We begin with a bit of notation. Let us denote the set of points by P = {p1 , . . . , pn }, where pi has coordinates (xi , yi ); and for two points pi , pj P , we use d(pi , pj ) to denote the standard Euclidean distance between them. Our goal is to nd the pair of points pi , pj which minimizes d(pi , pj ). We will assume that no two points in P have the same x-coordinate or the same y coordinate. This makes the discussion cleaner; and its easy to eliminate this assumption either by initially applying a rotation to the points that makes it true, or by slightly extending the algorithm we develop here. Its instructive to consider the one-dimensional version of this problem for a minute, since it is much simpler and the contrasts are revealing. How would we nd the closest pair of points on a line? Wed rst sort them, in O (n log n) time, and then wed walk through the sorted list, computing the distance from each point to the one that comes after it. It is easy to see that one of these distances must be the minimum one. In two dimensions, we could try sorting the points by their y -coordinate (or x-coordinate), and hoping that the two closest points were near one another in the order of this sorted list. But it is easy to construct examples in which they are very far apart, preventing us from adapting our one-dimensional approach. Instead, our plan will be to apply the style of divide-and-conquer used in Mergesort: we nd the closest pair among the points in the left half of P and the closest pair among the points in the right half of P ; and then we need to use this information to get the overall solution in linear time. If we develop an algorithm with this structure, then the solution of our basic recurrence from (5.1) will give us an O (n log n) running time. It is the last, combining phase of the algorithm thats tricky: the distances that have not been considered by either of our recursive calls are precisely those that occur between a point in the left half and a point in the right half; there are (n2 ) such distances, yet we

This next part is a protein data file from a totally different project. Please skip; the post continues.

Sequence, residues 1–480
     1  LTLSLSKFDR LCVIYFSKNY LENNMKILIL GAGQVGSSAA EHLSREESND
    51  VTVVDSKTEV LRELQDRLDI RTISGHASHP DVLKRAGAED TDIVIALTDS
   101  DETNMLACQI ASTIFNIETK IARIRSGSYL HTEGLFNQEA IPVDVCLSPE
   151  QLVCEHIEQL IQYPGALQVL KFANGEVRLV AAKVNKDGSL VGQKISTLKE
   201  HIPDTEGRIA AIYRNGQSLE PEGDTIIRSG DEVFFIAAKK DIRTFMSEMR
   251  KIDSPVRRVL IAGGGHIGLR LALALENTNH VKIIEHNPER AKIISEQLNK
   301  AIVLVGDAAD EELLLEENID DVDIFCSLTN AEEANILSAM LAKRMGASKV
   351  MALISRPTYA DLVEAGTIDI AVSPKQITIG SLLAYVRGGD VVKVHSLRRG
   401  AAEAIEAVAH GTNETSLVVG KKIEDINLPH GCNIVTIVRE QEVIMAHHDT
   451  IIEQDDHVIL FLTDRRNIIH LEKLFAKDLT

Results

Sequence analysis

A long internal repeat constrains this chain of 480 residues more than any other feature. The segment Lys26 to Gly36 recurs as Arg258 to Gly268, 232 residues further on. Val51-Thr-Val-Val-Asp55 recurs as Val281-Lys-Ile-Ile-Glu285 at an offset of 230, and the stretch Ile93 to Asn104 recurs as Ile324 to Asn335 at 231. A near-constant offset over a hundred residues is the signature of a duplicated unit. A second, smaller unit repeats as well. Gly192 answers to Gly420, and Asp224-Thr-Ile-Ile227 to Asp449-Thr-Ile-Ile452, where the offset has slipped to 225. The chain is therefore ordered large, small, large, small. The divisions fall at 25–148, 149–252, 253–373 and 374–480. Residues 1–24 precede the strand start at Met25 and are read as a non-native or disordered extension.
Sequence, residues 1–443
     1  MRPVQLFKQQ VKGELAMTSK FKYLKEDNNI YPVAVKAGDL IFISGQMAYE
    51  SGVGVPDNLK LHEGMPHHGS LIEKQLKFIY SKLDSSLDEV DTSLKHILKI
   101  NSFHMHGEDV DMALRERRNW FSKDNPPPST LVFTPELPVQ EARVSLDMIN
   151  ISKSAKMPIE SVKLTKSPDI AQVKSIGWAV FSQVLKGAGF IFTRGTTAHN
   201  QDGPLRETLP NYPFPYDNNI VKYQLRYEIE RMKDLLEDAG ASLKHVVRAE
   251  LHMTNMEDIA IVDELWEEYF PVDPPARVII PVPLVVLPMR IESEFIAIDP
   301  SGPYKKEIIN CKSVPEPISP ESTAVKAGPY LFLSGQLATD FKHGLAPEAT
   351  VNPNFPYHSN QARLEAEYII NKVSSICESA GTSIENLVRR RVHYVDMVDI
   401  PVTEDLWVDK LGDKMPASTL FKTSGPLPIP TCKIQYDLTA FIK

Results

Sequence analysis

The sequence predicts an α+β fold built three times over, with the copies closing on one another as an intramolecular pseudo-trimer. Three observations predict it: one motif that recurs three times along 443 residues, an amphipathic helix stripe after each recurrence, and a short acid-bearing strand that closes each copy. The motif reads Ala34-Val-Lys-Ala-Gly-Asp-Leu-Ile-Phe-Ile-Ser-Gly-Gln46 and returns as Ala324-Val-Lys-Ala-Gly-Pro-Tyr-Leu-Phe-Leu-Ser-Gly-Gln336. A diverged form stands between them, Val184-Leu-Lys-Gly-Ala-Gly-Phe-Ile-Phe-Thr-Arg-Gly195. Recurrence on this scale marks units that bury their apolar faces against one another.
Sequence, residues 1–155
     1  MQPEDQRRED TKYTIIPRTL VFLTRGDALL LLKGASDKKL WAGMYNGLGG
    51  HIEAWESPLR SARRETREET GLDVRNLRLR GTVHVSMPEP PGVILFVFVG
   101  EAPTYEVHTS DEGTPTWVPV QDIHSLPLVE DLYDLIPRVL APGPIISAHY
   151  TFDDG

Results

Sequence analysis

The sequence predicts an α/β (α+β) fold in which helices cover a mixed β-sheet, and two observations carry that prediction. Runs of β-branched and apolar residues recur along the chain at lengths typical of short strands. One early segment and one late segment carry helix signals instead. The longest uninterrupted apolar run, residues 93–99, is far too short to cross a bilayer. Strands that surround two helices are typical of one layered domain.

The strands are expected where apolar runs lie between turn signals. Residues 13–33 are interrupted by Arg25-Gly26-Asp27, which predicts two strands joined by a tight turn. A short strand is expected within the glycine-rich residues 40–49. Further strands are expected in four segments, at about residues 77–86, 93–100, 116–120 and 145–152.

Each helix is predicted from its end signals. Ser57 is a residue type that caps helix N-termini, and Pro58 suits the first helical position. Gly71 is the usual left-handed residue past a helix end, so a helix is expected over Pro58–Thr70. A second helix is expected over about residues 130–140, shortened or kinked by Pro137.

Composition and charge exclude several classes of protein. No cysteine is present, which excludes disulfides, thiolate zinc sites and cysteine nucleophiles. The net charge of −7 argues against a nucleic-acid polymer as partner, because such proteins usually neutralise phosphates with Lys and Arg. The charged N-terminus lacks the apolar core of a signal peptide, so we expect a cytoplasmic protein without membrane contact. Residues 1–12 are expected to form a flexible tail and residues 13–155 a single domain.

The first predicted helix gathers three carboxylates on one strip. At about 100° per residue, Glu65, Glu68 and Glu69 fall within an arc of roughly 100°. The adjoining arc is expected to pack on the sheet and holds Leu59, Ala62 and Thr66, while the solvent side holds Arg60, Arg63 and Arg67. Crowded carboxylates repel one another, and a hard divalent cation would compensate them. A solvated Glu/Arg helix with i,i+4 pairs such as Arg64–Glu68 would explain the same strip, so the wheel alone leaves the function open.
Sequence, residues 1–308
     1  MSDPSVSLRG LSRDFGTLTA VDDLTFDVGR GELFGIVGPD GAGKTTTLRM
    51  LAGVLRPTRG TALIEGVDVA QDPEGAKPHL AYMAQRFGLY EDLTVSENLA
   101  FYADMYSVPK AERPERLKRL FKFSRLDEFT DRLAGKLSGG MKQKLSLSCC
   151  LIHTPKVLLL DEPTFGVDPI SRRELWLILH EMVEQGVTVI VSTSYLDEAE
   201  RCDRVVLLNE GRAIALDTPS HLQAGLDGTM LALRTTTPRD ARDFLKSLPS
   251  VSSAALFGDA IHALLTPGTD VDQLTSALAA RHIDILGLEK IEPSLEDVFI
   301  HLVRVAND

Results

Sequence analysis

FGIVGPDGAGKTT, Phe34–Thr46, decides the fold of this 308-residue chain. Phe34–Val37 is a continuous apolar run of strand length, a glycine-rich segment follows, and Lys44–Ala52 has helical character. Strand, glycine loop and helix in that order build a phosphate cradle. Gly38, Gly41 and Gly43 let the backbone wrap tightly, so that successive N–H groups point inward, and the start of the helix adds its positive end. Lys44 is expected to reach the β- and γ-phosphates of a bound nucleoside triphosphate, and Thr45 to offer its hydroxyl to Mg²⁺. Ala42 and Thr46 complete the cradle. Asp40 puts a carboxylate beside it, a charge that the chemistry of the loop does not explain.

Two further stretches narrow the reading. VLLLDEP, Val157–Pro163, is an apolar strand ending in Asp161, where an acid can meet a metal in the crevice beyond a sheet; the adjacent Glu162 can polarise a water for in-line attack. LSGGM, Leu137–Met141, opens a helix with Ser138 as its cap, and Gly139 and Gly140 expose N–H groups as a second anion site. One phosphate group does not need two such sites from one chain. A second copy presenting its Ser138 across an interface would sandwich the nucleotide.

need to nd the smallest one in O (n) time after the recursive calls return. If we can do this, our solution will be complete: it will be the smallest of the values computed in the recursive calls and this minimum left-to-right distance. Setting up the Recursion. Lets get a few easy things out of the way rst. It will be very useful if every recursive call, on a set P P , begins with two lists: a list Px in which all the points in P have been sorted by increasing x-coordinate, and a list Py in which all the points in P have been sorted by increasing y -coordinate. We can ensure that this remains true throughout the algorithm as follows. First, before any of the recursion begins, we sort all the points in P by x-coordinate and again by y -coordinate, producing lists Px and Py . Attached to each entry in each list is a record of the position of that point in both lists. The rst level of recursion will work as follows, with all further levels working in a completely analogous way. We dene Q to be the set of points in the rst n/2 positions of the list Px (the left half) and R to be the set of points in the nal n/2 positions of the list Px (the right half). See Figure 5.6. By a single pass through each of Px and Py , in O (n) time, we can create the following four lists: Qx , consisting of the points in Q sorted by increasing x-coordinate; Qy , consisting of the points in Q sorted by increasing y -coordinate; and analogous lists Rx and Ry . For each entry of each of these lists, as before, we record the position of the point in both lists it belongs to.